A "dig" is a gathering of scientists, students and volunteers at a location which might contain fossils.
A dig might sound like the simple act of digging with a shovel and pulling out cool-looking bones, it's isn't! A dig is a carefully planned exploration of a site. Fossils are very fragile and the position in which they are discovered can give clues to their identity.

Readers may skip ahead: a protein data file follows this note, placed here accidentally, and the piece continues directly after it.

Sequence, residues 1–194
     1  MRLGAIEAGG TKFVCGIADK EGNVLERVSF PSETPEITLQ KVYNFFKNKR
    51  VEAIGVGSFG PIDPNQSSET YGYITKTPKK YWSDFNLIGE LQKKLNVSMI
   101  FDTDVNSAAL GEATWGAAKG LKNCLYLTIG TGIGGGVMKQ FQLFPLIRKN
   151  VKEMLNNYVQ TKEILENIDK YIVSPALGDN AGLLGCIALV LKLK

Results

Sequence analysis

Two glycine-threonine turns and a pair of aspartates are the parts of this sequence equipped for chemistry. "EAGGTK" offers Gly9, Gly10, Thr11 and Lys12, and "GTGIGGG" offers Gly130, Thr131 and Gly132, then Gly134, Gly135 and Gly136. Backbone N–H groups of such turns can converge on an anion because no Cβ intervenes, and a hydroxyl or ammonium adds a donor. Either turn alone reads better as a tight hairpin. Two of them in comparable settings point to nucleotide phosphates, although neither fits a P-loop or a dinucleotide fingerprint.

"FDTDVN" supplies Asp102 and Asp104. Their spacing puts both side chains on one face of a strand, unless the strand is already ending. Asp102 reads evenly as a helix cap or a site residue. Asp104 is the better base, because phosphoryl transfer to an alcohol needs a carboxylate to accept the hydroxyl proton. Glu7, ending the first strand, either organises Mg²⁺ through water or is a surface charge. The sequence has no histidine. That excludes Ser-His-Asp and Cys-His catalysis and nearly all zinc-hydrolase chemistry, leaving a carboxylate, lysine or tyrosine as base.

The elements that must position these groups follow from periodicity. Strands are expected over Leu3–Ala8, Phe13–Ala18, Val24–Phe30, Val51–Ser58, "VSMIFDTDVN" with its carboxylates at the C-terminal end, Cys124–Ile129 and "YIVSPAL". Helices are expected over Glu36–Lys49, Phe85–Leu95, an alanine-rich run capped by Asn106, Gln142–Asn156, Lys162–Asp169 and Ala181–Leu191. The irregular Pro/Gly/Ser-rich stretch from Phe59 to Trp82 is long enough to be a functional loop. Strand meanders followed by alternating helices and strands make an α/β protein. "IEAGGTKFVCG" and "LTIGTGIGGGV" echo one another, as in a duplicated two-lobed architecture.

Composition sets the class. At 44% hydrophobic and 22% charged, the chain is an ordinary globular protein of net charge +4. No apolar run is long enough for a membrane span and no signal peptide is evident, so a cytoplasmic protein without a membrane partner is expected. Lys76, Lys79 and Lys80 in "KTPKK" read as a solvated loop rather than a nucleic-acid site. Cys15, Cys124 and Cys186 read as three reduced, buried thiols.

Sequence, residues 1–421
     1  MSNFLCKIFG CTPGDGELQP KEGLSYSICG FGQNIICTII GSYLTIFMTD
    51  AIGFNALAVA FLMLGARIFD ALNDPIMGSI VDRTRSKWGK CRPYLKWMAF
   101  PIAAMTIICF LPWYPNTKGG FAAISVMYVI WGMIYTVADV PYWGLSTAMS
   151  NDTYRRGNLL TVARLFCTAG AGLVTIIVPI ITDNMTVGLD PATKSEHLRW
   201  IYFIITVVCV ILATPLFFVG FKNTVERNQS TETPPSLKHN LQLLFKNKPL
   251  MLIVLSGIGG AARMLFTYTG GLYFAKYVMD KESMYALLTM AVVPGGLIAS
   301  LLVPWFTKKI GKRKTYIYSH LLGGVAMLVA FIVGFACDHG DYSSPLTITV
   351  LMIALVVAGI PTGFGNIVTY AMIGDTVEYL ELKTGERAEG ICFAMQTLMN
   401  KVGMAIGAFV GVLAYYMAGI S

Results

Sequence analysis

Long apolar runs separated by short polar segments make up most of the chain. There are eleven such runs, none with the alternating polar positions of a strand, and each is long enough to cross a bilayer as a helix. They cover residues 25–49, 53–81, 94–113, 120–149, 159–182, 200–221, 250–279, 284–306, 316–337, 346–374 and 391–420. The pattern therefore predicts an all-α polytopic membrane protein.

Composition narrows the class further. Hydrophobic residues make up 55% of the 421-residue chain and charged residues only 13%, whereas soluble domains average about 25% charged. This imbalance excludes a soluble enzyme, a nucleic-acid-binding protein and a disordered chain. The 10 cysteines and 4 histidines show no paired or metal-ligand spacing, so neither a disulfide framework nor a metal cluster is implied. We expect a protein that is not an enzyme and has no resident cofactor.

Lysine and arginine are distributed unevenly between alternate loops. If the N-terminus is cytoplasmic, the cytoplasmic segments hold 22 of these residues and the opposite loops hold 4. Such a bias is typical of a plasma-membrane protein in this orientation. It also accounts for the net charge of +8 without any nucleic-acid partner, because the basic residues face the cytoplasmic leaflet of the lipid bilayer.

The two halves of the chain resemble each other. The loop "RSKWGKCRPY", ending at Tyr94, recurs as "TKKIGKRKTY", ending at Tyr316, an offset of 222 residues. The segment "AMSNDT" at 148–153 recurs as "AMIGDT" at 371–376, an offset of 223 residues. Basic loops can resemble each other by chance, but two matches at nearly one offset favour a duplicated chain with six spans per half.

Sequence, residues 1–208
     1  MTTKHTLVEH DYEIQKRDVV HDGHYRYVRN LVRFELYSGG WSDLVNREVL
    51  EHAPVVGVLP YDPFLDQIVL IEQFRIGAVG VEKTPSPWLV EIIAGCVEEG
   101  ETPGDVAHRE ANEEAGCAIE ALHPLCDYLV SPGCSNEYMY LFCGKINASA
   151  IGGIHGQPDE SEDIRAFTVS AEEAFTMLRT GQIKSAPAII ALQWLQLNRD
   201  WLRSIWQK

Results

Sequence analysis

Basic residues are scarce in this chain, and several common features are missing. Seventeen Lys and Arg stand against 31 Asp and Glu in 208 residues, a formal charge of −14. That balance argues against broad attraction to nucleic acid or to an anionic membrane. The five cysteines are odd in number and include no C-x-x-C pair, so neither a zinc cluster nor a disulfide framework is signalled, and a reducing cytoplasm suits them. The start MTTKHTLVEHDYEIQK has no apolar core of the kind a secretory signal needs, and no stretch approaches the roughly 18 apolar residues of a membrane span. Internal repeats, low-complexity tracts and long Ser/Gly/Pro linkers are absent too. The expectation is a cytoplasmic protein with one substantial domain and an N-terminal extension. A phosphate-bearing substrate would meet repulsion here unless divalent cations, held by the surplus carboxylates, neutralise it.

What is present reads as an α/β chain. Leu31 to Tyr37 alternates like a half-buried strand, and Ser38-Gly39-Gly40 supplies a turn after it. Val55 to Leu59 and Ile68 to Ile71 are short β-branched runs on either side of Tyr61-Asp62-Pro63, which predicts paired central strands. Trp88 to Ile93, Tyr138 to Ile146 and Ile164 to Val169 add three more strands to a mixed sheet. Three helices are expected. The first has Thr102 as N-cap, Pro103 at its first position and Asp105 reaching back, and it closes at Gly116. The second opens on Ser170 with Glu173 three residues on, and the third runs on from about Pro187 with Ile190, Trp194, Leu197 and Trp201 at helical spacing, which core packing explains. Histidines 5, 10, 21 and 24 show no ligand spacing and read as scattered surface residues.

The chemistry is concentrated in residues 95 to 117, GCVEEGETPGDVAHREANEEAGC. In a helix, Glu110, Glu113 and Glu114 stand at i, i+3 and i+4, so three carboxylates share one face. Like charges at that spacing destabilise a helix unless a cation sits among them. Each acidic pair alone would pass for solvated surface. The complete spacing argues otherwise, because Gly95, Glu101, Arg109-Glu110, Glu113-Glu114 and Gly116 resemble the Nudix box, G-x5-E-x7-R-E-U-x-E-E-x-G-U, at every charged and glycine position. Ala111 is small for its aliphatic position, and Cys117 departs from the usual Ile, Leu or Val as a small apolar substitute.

Extremely detailed maps, photographs and plans are used to help scientists organize their search. The key to a successful dig is careful, methodical examination of every bit of a site. Sometimes the most important fossils are as small as a fingernail!
Diggers use a wide variety of tools both big and small to clear away soil and rocks that might contain specimens. The removed material is often passed through a screen and re-examined.
As fossils are removed, scientists sketch, photograph and write reports about what they've found. If all goes as planned, the entire site can be reconstructed at a museum or university for further studies.